By Matthew Rudy
Barbecue and golf are a lot alike. Traditionalists are never going to be converted, and progressives think the old ways are out of touch. If Franklin Barbecue in Austin had some leathery senior citizens working the pits in a sooty, third-generation storefront, the brisket that comes out of those pits would be called the greatest in the world by universal proclamation.
As it stands, thirtysomething former food-truck operator Aaron Franklin's meat only wins by majority vote.
For a place that cooks low and slow, Franklin Barbecue is generating serious heat after only five years in business. Texas Monthly crowned it the best barbecue in Texas (and the world) last year, as did Bon Appetit. Anthony Bourdain showed up to shoot an episode of his No Reservations show, as did celebrity chef Nobu Matsuhisa for the filming of a Chase commercial that's in heavy rotation.
The combination of otherworldly brisket, restricted hours and intense media attention makes Franklin the toughest seat in barbecue. The doors open at 11 a.m. Tuesday through Sunday, and stay open only until that day's barbecue is gone. There are no reservations, and practically speaking, if you aren't in line by 10 a.m., you won't get any food.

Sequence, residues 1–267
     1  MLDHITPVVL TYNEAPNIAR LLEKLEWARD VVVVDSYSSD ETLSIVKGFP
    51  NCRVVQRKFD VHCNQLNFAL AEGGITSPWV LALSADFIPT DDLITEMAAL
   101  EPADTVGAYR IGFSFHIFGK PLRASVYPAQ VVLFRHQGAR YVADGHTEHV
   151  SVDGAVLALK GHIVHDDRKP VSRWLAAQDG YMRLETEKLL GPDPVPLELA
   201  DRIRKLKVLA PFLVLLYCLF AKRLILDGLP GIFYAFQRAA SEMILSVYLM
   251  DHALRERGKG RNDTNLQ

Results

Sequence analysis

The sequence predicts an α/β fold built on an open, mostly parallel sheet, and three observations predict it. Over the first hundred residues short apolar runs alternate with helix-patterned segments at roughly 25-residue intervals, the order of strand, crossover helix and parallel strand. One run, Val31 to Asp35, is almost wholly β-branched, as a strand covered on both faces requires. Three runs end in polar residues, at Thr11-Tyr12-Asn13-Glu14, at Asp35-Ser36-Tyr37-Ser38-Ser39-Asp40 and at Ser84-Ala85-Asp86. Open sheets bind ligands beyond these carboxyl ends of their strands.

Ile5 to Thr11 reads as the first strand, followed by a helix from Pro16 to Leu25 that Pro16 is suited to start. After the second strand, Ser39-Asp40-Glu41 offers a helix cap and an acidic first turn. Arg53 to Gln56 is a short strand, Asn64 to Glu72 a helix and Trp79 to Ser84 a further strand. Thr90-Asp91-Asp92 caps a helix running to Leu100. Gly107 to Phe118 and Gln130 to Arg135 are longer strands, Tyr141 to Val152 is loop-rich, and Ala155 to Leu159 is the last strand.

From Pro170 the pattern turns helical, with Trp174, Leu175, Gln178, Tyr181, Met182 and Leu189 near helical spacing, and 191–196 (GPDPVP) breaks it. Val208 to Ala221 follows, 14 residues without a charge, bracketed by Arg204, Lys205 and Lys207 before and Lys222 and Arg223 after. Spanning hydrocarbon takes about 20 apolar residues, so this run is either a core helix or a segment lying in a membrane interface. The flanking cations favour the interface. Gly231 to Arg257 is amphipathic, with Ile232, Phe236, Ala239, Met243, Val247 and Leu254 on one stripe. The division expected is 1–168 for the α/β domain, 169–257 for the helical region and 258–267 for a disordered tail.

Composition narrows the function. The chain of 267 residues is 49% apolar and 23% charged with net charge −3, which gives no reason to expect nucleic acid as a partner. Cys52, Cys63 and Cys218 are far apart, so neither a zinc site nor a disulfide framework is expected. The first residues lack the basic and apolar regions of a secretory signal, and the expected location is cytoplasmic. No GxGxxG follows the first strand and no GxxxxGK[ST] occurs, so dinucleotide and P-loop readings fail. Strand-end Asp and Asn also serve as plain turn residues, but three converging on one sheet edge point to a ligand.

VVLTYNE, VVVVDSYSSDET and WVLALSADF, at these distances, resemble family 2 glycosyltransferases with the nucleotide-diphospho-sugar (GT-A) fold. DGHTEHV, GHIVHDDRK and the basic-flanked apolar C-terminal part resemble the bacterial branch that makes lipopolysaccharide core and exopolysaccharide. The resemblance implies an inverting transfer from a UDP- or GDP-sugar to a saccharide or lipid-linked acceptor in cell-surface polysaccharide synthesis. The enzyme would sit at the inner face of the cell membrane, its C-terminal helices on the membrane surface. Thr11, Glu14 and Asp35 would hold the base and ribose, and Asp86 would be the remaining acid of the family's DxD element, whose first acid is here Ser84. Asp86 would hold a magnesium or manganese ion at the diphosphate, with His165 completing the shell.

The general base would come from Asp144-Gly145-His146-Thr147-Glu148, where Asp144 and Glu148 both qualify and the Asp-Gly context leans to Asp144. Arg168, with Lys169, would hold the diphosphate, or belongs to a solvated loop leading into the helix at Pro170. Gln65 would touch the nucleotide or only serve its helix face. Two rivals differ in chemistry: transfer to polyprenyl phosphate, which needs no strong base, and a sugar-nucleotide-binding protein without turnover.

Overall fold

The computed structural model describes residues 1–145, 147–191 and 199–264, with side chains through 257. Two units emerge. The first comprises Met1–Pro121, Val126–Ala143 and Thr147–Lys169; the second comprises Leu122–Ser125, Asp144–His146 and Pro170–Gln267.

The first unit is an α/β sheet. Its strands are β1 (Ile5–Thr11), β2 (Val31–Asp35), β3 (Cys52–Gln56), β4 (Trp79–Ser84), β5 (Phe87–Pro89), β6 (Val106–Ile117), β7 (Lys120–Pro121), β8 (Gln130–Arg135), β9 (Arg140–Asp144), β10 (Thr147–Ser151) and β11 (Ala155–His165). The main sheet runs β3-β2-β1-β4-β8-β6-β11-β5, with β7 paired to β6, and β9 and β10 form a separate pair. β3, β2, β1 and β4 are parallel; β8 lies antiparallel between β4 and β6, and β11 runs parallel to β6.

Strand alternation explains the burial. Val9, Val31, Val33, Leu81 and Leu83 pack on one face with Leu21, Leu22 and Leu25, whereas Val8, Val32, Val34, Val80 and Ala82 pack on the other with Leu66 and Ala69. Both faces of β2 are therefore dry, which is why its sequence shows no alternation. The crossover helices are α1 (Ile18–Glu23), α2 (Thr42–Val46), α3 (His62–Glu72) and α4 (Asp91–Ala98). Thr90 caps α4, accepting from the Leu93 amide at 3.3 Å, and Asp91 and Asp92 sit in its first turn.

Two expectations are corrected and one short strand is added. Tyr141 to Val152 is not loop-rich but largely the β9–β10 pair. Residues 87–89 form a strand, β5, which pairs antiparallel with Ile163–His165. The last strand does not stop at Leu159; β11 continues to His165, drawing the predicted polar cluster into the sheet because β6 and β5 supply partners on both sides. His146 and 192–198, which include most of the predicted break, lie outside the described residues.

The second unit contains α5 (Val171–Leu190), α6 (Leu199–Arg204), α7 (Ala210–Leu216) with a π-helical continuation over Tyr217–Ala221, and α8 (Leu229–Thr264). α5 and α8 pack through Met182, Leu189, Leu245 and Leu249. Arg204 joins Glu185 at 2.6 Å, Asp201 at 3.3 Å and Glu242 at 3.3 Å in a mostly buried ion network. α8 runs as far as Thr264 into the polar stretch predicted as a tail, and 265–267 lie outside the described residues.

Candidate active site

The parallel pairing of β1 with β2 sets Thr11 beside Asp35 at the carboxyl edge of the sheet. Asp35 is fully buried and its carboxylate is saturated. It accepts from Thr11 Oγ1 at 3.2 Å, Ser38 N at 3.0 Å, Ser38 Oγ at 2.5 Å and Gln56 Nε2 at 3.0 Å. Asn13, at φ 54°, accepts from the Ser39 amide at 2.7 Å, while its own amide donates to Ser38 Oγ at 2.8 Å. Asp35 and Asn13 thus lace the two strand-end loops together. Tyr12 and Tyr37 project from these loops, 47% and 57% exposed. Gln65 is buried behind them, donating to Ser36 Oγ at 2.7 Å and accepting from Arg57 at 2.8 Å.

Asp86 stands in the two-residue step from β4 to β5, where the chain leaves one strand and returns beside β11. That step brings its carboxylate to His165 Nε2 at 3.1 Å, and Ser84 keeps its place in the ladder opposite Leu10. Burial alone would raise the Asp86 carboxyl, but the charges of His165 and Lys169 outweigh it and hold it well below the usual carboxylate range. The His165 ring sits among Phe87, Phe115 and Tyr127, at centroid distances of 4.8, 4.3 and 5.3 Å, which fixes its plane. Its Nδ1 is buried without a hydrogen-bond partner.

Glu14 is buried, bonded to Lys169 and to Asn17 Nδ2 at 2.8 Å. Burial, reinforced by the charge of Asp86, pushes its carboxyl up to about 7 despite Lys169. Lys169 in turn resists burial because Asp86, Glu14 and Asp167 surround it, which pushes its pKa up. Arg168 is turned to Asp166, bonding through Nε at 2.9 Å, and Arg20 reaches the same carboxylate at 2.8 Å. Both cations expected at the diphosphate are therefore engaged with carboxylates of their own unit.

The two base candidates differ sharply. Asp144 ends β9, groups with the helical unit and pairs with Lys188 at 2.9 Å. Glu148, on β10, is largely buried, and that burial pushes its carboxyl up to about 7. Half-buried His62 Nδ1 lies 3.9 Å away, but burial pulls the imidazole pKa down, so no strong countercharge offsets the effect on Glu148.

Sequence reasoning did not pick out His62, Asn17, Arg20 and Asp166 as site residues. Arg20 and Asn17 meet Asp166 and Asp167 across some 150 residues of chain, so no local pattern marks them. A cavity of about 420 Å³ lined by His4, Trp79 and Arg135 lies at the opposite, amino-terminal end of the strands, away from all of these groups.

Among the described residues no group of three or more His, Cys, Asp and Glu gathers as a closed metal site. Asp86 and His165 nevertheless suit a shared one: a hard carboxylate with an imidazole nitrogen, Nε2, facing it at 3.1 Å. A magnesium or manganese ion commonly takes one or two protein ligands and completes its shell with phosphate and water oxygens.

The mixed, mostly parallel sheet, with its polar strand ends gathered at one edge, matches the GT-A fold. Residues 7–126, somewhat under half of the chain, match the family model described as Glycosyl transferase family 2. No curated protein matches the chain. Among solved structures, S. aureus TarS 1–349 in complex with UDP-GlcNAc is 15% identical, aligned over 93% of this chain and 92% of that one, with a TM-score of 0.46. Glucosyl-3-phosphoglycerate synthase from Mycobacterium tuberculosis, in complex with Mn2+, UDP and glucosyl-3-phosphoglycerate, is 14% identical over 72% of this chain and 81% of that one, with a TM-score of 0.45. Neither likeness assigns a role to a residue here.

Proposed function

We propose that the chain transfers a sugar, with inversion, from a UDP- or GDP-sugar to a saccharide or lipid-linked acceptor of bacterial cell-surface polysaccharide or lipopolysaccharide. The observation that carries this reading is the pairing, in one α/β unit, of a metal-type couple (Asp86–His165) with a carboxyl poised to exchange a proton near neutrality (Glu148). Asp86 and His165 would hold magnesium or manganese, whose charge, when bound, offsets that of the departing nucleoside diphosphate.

I came up Tuesday morning the week of the Texas Open in San Antonio and caught the line halfway down the block outside Franklin's downtown Austin shop. Different employees come out from time to time to offer beer and soda and give an estimate of the wait time at different spots in line. They don't lie. It was 3:15 for a half pound of lean brisket, a half pound of fat brisket and a pound of pork ribs.
The ultimate question is, of course, was it worth it? If you're into barbecue, it's the new mecca, and something you have to do at least once. The brisket is something special -- a standout in a place with 15 world-class barbecue places with 30 square miles. Of course, you could drive the 25 miles to Lockhart, Texas, and walk into the three other joints that made Texas Monthly's Top 50 (Smitty's, Kreuz Market and Black's), order a different cut of meat at each, pay your check and drive back to San Antonio in the time it took you to wait in line.
But you wouldn't be able to tell people you tailgated in a three-hour meat line.